What else have we done? Obviously we have been investing in doing things smarter, investing in the health agenda, particularly combining that with the NBN, the eHealth agenda and the personal health records. It is not enough just to build classrooms; you also need to give people the opportunity to learn and for the services to be delivered in a new way. This is how we will improve productivity. The NBN, as people who are a lot more savvy than me will tell you, is not just about sending emails and doing a bit of banking and searching Google. It is much more. It is about letting smart businesses, particularly from remote communities—not my electorate—compete with businesses all over the world, particularly as we move into the Asian century with that emerging middle class in Asia. The NBN will also improve health and judicial systems through initiatives like telehealth, connecting remote and regional hospital patients to major hospital networks and giving patients access to specialists with the click of a button rather than having to come down from Cunnamulla or Mount Isa or places like that. They will now have diagnoses made, even by psychiatrists, over the internet. Obviously teleconferencing is one thing that assists business, but the NBN has the capacity to transform how we do things in so many ways, even the judicial system, so that people will not have to travel for miles to get access to justice or to attend a minor court hearing for a minor civil dispute, and that is a good thing. All of these advances will combine to improve Australia's productivity, and I am pleased to be on this side of the House where we are investing in the nation's future and where we are positive that we see the glass is half full, not just trying to smash the glass entirely.

I am saddened to say that the leader of opposition business, the shadow spokesperson for education, has made a conscious effort to move away from the national plan for school improvement. We saw the amazing thing today where he was trying to gag debate on the education legislation. The opposition has opposed an initiative that the education sector strongly supports and, sadly, after their 11 years in office they cannot tick off a lot of things in terms of setting up a national curriculum or fixing the broken education model. The SES scheme had great intentions, but the reality is that in over half of the schools where funding was maintained it did not work. They failed to give more power to school principals and they invested in flagpoles rather than in those other essential things. They are some of the things that we can tick off. From what we can glean between the last election night and what the opposition has said so far, they have a commitment to cut $2.8 billion out of the education system and they we able to reject the Gonski review reforms within half an hour of it being delivered. Surely that is speed reading taken to an extreme. We have had a comment from the member for Sturt that he is prepared to sack one in six teachers, not realising the collegiality that is so important in the education system and not realising the important role of nurturing younger teachers and how much of that is taken up by experienced teachers in the system.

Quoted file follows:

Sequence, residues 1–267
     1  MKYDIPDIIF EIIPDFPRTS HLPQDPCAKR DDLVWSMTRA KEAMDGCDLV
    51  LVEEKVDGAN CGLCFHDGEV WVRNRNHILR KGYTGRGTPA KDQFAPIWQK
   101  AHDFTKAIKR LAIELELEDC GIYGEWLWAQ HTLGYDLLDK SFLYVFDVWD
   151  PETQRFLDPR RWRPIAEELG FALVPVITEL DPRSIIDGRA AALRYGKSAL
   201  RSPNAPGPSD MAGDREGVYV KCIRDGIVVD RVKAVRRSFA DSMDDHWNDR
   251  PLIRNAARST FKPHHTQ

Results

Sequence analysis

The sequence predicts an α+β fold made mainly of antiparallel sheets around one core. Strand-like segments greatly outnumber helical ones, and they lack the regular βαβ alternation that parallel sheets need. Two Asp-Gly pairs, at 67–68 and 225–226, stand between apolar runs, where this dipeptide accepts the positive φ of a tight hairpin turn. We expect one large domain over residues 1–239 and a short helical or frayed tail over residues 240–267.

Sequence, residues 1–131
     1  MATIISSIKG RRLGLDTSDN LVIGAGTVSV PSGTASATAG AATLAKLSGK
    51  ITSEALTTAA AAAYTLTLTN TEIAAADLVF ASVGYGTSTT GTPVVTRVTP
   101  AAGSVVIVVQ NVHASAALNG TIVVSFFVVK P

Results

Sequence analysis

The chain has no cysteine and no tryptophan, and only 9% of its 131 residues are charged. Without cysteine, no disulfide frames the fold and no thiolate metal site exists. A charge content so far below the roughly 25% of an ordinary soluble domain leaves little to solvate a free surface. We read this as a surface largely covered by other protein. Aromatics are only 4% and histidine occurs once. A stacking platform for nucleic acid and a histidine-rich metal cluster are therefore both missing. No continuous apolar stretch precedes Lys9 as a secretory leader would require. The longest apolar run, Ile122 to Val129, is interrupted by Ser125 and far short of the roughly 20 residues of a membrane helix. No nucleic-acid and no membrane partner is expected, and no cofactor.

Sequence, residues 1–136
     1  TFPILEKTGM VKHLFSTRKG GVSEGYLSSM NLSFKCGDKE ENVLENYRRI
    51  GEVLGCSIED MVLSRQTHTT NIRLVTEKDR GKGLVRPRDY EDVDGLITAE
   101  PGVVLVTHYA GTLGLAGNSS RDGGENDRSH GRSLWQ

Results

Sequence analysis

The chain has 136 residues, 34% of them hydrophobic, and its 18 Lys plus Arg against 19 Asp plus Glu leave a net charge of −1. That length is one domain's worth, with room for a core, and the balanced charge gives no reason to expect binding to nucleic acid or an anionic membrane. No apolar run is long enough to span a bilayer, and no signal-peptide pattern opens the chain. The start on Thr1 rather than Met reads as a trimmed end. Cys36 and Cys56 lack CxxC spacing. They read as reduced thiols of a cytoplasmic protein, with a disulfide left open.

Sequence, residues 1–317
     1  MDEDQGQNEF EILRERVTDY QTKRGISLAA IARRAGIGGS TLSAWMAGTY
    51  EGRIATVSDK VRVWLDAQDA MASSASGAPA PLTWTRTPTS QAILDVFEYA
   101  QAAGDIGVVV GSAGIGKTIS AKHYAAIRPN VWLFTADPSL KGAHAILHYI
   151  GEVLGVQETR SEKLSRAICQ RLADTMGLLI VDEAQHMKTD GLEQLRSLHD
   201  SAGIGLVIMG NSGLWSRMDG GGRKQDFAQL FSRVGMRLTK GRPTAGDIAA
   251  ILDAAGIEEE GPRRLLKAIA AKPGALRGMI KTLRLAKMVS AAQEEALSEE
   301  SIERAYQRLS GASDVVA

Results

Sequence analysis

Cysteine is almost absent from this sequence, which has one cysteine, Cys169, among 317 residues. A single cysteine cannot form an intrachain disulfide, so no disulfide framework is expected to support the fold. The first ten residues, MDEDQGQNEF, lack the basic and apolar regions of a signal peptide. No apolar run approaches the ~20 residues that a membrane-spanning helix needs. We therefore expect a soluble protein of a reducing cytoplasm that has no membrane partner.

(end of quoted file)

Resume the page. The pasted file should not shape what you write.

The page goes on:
The Labor government is focused on investing in education for all Australian children. Education is something I am particularly proud of, in terms of the opportunities that we had during the global financial crisis. From memory, not every single one of the appropriations that were necessary for the global financial crisis was voted down by the opposition. I should not say that, in terms of the stimulus packages. With one in particular, I remember, the most significant one, the Leader of the Opposition literally slept through the vote—one of the most significant moments in Australian history and he was found wanting. Not just found wanting; found snoring. It was an amazing insight into how he approached the mums and dads and workers that would have been affected if we had not stimulated the economy, and I am proud to have been associated with a government that invested in education and those other stimulus packages that made sure that Australians did not lose the 200,000 jobs that it was projected we would lose. I commend this legislation, the Appropriation Bill (No. 3) 2012-13 and the Appropriation Bill (No. 4) 2012-2013, to the House.